As we’ve cheerfully noted on these pages, the good news on the presidential campaign trail is that almost all Republicans are now for serious pro-growth tax reform and simplification. Every candidate wants lower rates (some a one-rate flat tax), fewer loopholes and carve-outs, and a reduced role for an abusive IRS.
What a contrast with Bernie Sanders, who declared at last week’s Democratic debate that he could live with a 90% tax rate on the rich. Why not take it all, Bernie?
All the GOP tax plans look good to us — though some are admittedly better than others. The danger now is that too many conservatives have formed a circular firing squad and are shooting down nearly all proposals on purity grounds or attacking trivial differences.
This is the surest way to derail tax reform altogether.
If Ronald Reagan, Jack Kemp and Bill Bradley had held to such a “my way or the highway” approach, the epic 1986 tax reform that collapsed tax rates to 15% and 28% never would have happened.
Which brings us to Rand Paul and Ted Cruz. The two of us helped craft their low-rate flat tax plans.
The plans are similar: Paul’s rates are 14.5% on business net sales and wages and salaries. Cruz has a 16% business net sales tax and a 10% wage and salary tax.
These would be the lowest tax rates since the income tax was devised 100 years ago. Both are estimated by the Tax Foundation to grow the economy by a gigantic $2 trillion in extra GDP per year after 10 years.
Both eliminate almost all deductions and special-interest carve-outs. (Against our wishes, they retain the tax write-off for charitable organizations and have family deductions that are too big. But no one’s perfect.)
They completely kill the corporate tax, the estate tax and the FICA payroll tax.
Yet conservatives are strangely griping. Economists at the Cato Institute have joined with Larry Kudlow to complain that the business tax is a value-added tax (VAT). Such a dreaded tax, they fear, would be a giant new source of revenue and lead to government gone wild, as has happened in Europe.
That’s the last thing we want.
But nearly all leading flat-tax plans have some form of VAT to replace the god-awful corporate income tax. If these plans didn’t eliminate the corporate tax entirely, and the new tax was a European-style add-on VAT, we’d be standing shoulder-to-shoulder with Kudlow in denouncing them.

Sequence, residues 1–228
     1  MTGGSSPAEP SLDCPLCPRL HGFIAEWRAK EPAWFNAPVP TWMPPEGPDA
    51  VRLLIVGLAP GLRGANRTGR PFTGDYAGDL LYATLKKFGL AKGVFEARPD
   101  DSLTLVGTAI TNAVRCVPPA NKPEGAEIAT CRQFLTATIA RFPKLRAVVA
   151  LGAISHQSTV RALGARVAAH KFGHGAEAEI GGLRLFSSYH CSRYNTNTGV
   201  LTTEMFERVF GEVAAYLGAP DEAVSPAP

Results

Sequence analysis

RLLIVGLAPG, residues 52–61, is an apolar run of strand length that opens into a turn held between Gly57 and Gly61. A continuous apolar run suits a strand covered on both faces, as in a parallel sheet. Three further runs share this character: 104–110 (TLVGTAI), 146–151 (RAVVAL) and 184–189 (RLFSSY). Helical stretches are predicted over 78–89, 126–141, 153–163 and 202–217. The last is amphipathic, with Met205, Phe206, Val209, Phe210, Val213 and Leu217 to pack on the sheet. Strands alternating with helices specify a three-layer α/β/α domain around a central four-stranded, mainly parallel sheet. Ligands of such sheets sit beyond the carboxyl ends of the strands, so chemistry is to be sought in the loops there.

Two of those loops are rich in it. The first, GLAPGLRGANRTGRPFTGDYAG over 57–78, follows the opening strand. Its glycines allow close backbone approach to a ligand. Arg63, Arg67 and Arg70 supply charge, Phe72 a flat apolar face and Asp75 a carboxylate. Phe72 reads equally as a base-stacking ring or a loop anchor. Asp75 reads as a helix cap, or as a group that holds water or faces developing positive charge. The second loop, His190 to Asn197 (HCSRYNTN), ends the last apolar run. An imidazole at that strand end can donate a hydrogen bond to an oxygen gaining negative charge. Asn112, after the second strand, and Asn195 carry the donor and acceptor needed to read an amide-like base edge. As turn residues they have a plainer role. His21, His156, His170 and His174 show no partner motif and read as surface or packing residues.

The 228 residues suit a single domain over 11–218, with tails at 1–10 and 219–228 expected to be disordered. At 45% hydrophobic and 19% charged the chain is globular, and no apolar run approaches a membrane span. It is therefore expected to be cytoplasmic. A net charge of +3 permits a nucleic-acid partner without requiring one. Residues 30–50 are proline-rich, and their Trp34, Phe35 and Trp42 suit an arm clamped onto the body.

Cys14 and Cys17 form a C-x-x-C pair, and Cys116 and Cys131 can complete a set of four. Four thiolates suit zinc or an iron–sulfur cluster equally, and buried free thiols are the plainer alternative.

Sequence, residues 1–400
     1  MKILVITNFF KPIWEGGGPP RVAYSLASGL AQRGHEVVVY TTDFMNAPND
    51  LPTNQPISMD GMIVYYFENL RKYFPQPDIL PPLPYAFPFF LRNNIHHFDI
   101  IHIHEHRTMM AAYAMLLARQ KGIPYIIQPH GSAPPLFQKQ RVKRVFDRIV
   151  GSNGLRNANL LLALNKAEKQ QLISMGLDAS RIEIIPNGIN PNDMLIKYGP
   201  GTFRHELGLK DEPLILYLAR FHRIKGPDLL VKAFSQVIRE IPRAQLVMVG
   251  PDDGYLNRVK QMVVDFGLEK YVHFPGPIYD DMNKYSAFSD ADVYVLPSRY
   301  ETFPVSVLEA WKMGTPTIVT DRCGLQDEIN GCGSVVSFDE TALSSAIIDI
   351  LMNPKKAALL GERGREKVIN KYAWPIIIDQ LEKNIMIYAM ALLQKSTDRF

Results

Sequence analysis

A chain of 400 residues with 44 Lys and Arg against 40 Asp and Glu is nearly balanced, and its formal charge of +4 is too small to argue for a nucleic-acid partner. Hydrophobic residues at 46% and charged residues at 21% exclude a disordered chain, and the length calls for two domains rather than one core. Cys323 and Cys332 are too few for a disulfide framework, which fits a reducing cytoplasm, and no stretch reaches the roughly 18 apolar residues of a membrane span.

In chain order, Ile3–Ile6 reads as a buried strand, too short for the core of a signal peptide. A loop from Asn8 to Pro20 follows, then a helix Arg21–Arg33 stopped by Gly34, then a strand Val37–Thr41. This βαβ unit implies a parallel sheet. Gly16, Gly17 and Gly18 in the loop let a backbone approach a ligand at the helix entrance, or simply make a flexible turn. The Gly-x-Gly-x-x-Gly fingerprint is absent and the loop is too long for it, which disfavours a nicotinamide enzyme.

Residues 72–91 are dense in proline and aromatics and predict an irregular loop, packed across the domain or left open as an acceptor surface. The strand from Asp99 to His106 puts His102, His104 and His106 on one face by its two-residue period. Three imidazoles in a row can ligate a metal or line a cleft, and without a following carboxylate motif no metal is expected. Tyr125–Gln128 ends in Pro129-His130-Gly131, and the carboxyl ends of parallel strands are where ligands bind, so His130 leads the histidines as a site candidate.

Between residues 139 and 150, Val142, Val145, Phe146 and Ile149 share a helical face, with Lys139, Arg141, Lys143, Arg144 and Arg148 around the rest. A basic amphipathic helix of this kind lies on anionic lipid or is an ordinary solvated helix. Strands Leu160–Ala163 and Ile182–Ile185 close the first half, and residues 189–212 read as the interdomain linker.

When we designed our Complete Flat Tax in our book “Return to Prosperity,” we came up with this business tax system with no deductions, simple as can be, and the lowest rate just about anywhere in the world.
Hello. That’s exactly what you want in a good tax, isn’t it?
Almost every economist will agree that the right way to tax businesses is on their income minus their allowable expenses.
The crux of the complaint here is that the Paul and Cruz tax plans are too efficient and too pro-growth and thus raise too much revenue.
Let’s go back to basics.
The sole reason we need taxes is to raise the requisite revenues to fund government. (The left wants taxes to punish the rich, but that’s the subject of another column.) The U.S. government should collect taxes in the most efficient way possible so as to do the least damage to the economy.
Criticizing the Cruz and Paul VATs based on worries about providing too much revenue to government is like arguing against cutting the capital gains tax rate — because every time we cut that rate, the feds get more revenue.
If a VAT raises lots and lots of revenue at minimal economic cost, it enables us to eliminate all sorts of other taxes that are less efficient and more damaging to the economy. As Br’er Rabbit told Br’er Fox: “Please, please don’t throw me in the briar patch.”
We fail to see how cutting individual tax rates from 40% and business taxes from 35% to 16% or less isn’t conservative or pro-growth.
We fail to see how eliminating the corporate and death taxes isn’t pro-growth.
We fail to see how allowing American companies to expense all their capital expenditures immediately isn’t pro-growth.
And for Trump voters, there’s a bonus: Under the Paul and Cruz plans, all imports will be taxed at 14.5% or 16%, respectively, and all our exports won’t be taxed at all.
Under either of these plans, no country — not China, not Mexico — will ever eat our lunch again.
• Laffer is chairman of Laffer Associates.
• Moore is an economics consultant with FreedomWorks
Source: Investor’s Business Daily: